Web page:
- only at the time of intervention represents a temporary change (pulse effect).

- is the coefficient measuring the impact of the intervention.

There are many other formulations of interventions we can model if we believe that the constant and pulse effects are too simple.

Once we have extended the model with the intervention variable, we can begin the analysis of the intervention’s immediate impact, its duration, and any permanent changes to the level or trend of the series.

#### The Pros and Cons of Time-Series Modeling

Time-series models are great because they allow us to measure temporal aspects of data. They can account for underlying trends, seasonal effects, and autocorrelation. These are things that are difficult to include in standard regression models. They also allow us to be very explicit in our modeling efforts, making isolating intervention effects from other factors possible.

Time-series models are prone to capturing all variance in a dataset, making isolating interventions difficult. For example, in e-commerce, we see increased spend around the holidays, which correlates with increased revenue from the holiday season. Time-series models may overattribute that cyclical information to seasonality. Selecting a suitable time-series model and specifying the correct form and timing of interventions can also be complex and require sophisticated analytical skills.

### Structural Equation Modeling (SEM)

SEM is a comprehensive statistical approach that analyzes complex relationships among observed and unobserved variables. It combines aspects of factor analysis and multiple regression analysis, allowing for the estimation of numerous and interrelated dependence relationships. Specifying a SEM is similar to my post here and Figure 1.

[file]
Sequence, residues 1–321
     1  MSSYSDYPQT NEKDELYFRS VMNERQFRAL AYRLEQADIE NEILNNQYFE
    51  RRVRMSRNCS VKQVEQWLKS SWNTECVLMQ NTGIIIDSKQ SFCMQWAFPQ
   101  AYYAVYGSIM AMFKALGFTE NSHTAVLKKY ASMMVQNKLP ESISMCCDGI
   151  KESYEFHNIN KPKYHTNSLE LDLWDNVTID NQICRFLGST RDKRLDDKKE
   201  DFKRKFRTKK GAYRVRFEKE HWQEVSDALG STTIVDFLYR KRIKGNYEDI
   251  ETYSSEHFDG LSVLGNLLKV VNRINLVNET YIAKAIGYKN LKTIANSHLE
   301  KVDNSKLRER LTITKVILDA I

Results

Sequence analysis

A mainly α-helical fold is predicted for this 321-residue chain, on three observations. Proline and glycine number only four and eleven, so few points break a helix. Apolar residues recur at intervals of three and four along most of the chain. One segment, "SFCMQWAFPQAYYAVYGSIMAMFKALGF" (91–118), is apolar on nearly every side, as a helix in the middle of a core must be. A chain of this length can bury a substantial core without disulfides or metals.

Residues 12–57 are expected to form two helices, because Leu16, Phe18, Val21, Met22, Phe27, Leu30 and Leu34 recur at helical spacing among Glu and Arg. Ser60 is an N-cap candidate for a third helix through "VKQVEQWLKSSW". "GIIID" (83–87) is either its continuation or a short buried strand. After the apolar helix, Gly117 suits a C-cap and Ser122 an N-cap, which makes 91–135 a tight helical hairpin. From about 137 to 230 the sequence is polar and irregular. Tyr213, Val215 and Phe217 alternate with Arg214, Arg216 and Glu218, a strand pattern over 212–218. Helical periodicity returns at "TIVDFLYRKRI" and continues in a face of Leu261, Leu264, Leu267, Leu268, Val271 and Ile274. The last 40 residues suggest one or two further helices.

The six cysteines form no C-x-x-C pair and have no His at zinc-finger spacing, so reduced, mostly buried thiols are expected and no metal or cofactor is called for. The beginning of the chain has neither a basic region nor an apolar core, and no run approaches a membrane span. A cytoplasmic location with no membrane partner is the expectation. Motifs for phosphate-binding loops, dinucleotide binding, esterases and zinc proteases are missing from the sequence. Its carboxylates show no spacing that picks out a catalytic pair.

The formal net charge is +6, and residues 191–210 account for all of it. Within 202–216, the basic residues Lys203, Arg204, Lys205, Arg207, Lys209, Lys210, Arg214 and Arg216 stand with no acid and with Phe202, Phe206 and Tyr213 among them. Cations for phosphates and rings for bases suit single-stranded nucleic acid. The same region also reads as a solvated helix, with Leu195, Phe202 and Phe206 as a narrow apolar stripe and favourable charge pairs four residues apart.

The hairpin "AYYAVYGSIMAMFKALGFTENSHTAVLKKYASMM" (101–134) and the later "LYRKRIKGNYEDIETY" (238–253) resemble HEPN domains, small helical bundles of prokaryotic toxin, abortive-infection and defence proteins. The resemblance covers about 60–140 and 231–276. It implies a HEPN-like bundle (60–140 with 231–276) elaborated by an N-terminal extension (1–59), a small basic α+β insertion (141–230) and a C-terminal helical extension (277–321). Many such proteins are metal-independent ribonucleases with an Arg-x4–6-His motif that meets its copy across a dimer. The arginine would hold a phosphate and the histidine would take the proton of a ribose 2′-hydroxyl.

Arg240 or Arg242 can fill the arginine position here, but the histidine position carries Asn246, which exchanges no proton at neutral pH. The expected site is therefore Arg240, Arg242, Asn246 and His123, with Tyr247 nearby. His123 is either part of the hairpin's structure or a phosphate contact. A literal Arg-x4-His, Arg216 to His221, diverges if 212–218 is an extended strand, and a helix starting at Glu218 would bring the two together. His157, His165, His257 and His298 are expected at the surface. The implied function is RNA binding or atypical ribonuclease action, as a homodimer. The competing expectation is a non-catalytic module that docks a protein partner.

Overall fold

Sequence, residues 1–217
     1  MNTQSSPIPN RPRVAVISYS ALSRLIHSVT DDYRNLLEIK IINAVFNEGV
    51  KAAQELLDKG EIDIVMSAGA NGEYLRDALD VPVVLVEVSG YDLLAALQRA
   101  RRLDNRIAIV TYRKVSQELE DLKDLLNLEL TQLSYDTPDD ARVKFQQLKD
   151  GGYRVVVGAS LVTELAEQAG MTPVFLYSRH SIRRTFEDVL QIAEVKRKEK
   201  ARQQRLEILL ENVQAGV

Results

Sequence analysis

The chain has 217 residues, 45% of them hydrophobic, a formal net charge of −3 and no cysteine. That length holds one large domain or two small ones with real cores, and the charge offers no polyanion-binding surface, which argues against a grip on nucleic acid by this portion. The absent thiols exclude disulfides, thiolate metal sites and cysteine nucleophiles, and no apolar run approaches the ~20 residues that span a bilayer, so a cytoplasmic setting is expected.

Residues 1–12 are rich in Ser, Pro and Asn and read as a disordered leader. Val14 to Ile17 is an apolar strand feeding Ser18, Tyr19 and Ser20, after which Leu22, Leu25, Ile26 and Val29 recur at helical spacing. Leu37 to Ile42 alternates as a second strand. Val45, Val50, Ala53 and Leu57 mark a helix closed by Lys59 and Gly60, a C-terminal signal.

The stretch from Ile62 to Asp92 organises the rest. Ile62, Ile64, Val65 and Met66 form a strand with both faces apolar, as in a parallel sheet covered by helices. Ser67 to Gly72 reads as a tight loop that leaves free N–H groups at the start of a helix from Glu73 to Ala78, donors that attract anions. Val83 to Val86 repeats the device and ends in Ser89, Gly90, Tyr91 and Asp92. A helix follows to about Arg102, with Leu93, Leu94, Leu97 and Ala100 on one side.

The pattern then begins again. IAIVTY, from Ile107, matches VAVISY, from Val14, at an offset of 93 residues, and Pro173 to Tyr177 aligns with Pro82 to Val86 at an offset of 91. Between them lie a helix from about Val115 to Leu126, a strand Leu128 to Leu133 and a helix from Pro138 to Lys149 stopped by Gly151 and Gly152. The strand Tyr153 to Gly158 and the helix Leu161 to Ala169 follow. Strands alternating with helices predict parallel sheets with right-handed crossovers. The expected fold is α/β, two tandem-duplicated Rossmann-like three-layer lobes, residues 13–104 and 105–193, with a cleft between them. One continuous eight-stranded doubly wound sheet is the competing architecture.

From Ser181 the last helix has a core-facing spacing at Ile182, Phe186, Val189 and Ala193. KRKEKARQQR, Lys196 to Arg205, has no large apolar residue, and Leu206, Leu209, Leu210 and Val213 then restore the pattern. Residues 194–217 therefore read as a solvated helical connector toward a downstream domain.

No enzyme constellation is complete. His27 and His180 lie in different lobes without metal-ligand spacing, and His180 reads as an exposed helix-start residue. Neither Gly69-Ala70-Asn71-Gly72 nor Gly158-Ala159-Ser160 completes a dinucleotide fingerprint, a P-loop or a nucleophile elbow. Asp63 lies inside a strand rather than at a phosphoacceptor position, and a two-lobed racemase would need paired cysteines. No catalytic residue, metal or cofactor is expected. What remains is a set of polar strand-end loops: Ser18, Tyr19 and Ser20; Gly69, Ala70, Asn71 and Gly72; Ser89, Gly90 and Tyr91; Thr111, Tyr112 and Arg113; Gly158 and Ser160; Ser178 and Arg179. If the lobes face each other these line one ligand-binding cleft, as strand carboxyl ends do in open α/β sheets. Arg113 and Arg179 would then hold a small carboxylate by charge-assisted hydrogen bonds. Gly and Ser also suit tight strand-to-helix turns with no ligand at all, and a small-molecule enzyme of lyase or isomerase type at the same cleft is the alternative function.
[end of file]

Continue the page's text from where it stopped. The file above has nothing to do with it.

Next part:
A key strength of SEMs is their ability to handle latent variables. Since we’re discussing halo effects (something that is unobserved), it makes sense to use SEMs.

SEMs are not seen as frequently in the research as other methods. However, they may be employed when we do not have access to consistent time series data. For reference, Burçin & Eren-Erdoğmuş (2016) use an SEM to measure brand loyalty in the hospitality industry.

Since halo effects are unobserved, we can model them as latent variables. A key concept in SEMs is the utilization of indicator variables. Indicator variables are variables we can access that will help estimate our latent variable (halo effect) when combined. Each indicator captures a specific facet of the latent variable. For example, questions in a survey designed to measure “customer satisfaction” might include items about service quality, product performance, and value for money, each serving as a proxy for the broader construct of satisfaction.

To analyze our halo effects, we must first define the effect as a latent variable representing the indirect influence of ToFu marketing spend on BoFu marketing revenue. To do this, we must identify BoFu metrics that ToFu activities could influence. For example, our indicators could be:

**Conversion Rate Improvement**: An increase in the percentage of leads converting to customers in the BoFu stage.**Increased Customer Lifetime Value**: Higher customer value over time indicates long-term engagement and retention.**Upsell/Cross-Sell Rate**: Higher rates of existing customers purchasing additional or premium products.

With our indicators defined, we can now model each BoFu metric as an indicator of the latent halo effect variable. For example, for the conversion rate indicator , the equation could be:

Where:

- is the factor loading for the conversion rate on the halo effect.
- is the error term for the conversion rate.

As you can see, SEMs are powerful and valuable when measuring unobserved metrics in marketing. These frameworks can theoretically measure brand loyalty, awareness, and word-of-mouth. Their flexibility allows SEMs to capture and model these often complex and unobservable relationships, allowing the analyst to understand the marketing mix’s dynamics deeply.